The British Election Study is continuing to dig into why the pollsters called the general election incorrectly. Its latest batch of research suggests that the theories of a late swing to the Tories, a shift in the ‘don’t knows’ or ‘Shy Tories’ emerging on polling day may not hold the answer. Instead, the BES’s evidence suggests that ‘lazy Labour’ voters were a significant factor — i.e. those who said they would vote Labour in surveys, but didn’t turn out on polling day.
The BES explains: ‘Labour lead among unlikely voters grew hugely between 2010 and 2015, suggesting that differential turnout is an important factor in explaining the polling miss: considerably fewer of those saying they were going to vote Labour are likely to have actually turned out to vote’. This chart below shows the difference between the 2010 and 2015 elections of the likelihood of Labour voters to turn out. As you can see, the probability of Labour supporters voting dropped significantly, which may explain why the pollsters got it wrong:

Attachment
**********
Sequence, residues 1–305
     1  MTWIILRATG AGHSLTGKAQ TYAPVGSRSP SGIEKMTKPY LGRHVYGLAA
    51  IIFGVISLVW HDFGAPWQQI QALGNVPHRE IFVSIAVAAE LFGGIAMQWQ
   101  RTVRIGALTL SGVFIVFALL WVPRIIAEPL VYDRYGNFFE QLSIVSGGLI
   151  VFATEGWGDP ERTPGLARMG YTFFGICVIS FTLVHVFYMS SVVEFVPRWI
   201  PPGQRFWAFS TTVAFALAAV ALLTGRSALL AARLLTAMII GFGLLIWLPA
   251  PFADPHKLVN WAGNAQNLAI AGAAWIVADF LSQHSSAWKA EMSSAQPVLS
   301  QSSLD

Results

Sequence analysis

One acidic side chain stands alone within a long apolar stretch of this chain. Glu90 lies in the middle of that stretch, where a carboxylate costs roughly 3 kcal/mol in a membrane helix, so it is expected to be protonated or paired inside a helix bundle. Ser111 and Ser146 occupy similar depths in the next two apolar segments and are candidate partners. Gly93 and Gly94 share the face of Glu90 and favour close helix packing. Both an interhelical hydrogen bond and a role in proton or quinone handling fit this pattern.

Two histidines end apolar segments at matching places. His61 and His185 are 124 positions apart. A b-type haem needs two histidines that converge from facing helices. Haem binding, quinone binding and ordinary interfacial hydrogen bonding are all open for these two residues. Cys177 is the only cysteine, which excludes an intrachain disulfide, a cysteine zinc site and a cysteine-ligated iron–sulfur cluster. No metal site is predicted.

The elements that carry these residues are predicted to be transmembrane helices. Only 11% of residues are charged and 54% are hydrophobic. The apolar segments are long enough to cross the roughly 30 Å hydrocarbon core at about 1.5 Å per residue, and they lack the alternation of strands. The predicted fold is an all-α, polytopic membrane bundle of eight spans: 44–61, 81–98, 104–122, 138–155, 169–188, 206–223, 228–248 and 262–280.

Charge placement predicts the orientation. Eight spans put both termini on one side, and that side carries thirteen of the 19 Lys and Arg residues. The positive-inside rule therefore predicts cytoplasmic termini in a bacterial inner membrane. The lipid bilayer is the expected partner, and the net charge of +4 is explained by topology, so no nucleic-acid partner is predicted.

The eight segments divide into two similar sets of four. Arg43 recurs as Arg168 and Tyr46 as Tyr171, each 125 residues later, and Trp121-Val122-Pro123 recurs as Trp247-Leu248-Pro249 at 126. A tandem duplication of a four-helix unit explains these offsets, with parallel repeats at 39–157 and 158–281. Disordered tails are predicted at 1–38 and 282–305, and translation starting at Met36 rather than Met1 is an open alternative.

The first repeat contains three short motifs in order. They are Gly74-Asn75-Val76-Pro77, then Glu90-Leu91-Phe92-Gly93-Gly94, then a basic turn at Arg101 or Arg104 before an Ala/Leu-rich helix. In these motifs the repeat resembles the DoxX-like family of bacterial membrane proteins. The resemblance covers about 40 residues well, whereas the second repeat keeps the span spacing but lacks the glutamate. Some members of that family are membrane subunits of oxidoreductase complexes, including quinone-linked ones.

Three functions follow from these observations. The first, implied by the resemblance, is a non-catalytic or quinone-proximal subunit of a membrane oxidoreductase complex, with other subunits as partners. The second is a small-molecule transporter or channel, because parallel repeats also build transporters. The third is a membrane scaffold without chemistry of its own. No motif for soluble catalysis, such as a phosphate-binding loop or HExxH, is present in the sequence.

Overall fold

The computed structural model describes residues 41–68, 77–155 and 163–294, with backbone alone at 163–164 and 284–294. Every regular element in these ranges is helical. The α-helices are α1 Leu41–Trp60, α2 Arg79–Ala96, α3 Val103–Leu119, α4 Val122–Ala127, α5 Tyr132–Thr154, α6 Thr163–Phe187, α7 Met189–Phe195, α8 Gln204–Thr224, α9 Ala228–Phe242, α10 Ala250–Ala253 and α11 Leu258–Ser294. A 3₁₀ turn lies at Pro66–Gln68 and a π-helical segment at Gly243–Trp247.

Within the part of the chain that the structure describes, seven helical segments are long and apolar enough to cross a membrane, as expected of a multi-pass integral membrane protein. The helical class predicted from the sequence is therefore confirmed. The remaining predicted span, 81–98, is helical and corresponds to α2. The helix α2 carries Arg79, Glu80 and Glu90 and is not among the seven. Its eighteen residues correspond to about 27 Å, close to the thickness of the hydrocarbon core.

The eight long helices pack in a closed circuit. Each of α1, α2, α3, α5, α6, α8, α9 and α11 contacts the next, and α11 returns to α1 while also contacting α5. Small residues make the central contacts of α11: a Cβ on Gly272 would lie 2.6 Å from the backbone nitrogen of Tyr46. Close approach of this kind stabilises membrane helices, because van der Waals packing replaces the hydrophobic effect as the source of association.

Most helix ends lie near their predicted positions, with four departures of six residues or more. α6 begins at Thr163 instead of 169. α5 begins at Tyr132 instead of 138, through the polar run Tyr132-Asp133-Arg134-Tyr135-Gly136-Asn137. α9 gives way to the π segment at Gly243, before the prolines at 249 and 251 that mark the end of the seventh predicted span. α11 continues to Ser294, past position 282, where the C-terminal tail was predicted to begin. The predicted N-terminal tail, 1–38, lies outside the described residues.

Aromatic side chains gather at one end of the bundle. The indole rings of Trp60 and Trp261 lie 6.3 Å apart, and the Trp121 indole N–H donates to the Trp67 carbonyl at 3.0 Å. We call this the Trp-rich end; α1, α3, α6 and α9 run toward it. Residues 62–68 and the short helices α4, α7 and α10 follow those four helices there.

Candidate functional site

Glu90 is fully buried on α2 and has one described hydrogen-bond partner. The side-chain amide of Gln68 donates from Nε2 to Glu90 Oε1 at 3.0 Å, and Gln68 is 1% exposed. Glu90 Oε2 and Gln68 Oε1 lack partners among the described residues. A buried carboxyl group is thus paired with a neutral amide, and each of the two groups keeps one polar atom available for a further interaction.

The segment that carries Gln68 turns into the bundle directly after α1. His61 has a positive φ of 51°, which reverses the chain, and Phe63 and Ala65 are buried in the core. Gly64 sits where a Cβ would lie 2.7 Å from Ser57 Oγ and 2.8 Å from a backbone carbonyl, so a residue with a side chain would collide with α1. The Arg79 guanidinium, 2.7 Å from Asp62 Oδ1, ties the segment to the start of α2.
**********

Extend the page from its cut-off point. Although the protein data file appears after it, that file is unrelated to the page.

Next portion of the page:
If the chief culprit of the polling disaster was the turnout weightings, this is something the pollsters can take into account for the future. The BES is continuing its research but the findings so far suggest that this difference in party turnouts, as well as problems with sampling and weighting, are to blame for the pollster’s miscalculations.
If ‘lazy Labour’ voters do turn out to be main factor behind the Tories’ victory, it poses the big question for Labour of why didn’t those voters turn out, or indeed whether it placed too much confidence in voters who were clearly not going to turn out. Instead of worrying about what the party is doing over the next eight weeks of opposition, it is this sort of question that should dominating the Labour leadership contest.